The world as we know it and the people in it have fundamentally changed since February 2020. People are remembering who they are and what they really care about.
For those of us with children, being around our kids so much is reminding us how to play, explore and giggle, and how quickly our time with them seems to pass by. For those of us who work from home, we’re reminded of the natural rhythms of a day, week and season, and of the archaism of the eight-hour workday, a triumph when first guaranteed for government workers more than 150 years ago by President Ulysses S. Grant, but increasingly out of touch with our understanding of what it takes to be excellent at work.
Spending so much time in relative isolation and small groups has led to increased self-awareness about the need for self-care and, depending on who we’ve been living or working with, our need for higher quality, mutually supportive relationships.
Organizations are at an inflection point, with 54% of Generation Z workers and 41% of the entire global workforce contemplating leaving their employer this year. Extreme flexibility and hybrid work will define the post-pandemic workplace, claims Microsoft in their 2021 Work Trend Index. More than 70% of workers want flexible remote work options to continue. A Prudential American Worker Survey reported that 42% of employees would quit if their company didn’t offer remote working options long term.
In Washington D.C. last month, many of us followed along with interest as dozens of Washingtonian staff members went on a day-long publishing strike after their CEO wrote an op-ed about the perils of remote work originally titled: “As a CEO, I want my employees to understand the risks of not returning to work in the office.”
On the opposite extreme, Brent Hyder, President and Chief People Officer of Salesforce, shared the company’s trailblazing new policy earlier this year: “An immersive workspace is no longer limited to a desk in our Towers; the 9-to-5 workday is dead; and the employee experience is about more than ping-pong tables and snacks.”
From Disorder to Breakthrough
For some of us, this workplace disruption is long overdue. We’ve spent a great deal of time imagining a world where human wholeness and performance are supported rather than neglected at work. For others, this disruption is incredibly intimidating and a cause for alarm. It can be challenging to imagine a different future when all we know is what we’ve experienced in this country our entire lives.
How can we best support ourselves in navigating change at work this year? And how might we do this in more traditional, complex and hierarchical workplaces like the federal government?
What we do when we are uncertain, confused, afraid or unsettled is the key to our breakthrough – as people and as organizations. To position ourselves to thrive this year, no matter what comes our way, we can practice showing up every day with responsibility, curiosity and honesty.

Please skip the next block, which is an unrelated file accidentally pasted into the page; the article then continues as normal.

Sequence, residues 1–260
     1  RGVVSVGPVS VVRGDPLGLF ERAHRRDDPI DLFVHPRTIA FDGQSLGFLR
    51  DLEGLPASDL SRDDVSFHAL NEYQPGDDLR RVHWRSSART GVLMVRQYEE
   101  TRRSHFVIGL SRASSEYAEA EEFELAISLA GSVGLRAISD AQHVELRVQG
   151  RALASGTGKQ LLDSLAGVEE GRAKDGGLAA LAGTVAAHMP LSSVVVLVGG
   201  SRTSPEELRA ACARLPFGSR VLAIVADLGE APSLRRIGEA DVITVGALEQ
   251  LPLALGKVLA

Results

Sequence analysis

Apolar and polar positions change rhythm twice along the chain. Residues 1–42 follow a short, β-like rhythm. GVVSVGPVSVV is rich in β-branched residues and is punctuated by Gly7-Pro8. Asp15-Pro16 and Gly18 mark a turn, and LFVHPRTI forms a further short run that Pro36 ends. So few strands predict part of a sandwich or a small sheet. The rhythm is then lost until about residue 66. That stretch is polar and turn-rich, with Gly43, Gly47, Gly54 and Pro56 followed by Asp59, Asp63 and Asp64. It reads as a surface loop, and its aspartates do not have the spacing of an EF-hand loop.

Responsibility or Blame? To blame is human. Researchers have found that when people observe an action or outcome, they tend to attribute its cause to an actor’s internal or dispositional traits, even in the face of overwhelming evidence to the contrary. But our tendency to blame comes at a high cost: our own agency. In order to live a happy, peaceful and empowered life, you must take the reins where you can. Begin by catching yourself in the act of blaming. Notice, and practice asking yourself – “What’s mine to do here?”
Curiosity or Judgment? Sometimes called the inner critic or the inner judge, all of us have an inner voice that is perpetually evaluating us, criticizing us, telling us what kind of person we should be and comparing us to others. See if you can begin to notice this voice. Make a note of what it’s saying, without needing to change anything. Dig a little deeper to its roots. Practice lessening the influence of the inner critic by replacing its judgment with curiosity.
Honesty or Ignoring/Exaggerating? Neuroscientists, psychologists and physicians have been teaching us that humans ignore or exaggerate our internal signals (emotions and sensations) all the time. Without proper attunement to the messages from our inner world, we are tossing and turning in unconscious winds. We have trouble comprehending and adapting to our outer circumstances. To support yourself, begin by being 100% honest about your signals, and sitting with their truth until you figure out what to do about them.
As you practice the strategies above, you will gain greater access to your inner wisdom, the compassionate self-leadership that will guide you through the changes in the year ahead. What kind of world do you wish to see? Be the change and you just might see your vision turn into reality.
Interested in becoming a Featured Contributor? Email topics you’re interested in covering for GovLoop to [email protected] And to read more from our Spring 2021 Cohort, here is a full list of every Featured Contributor during this cohort.
Jill L. Barrett, PCC, is Chief Executive Officer of Evolve, a Washington, D.C.-based coaching and organizational development firm she founded in 2015. Named a top innovator who is shaping the region’s future by “Washington Life Magazine,” Jill is a sought-after coach, speaker and consultant. She has coached executives and emerging leaders at a wide range of organizations including Google, WarnerMedia, D.C. Public Schools, Salesforce, Merrill Lynch, Ball Corporation and other regional, national and multinational organizations. Jill holds an Integral Coach® credential from world-class coaching school New Ventures West and a Professional Certified Coach credential from the International Coach Federation.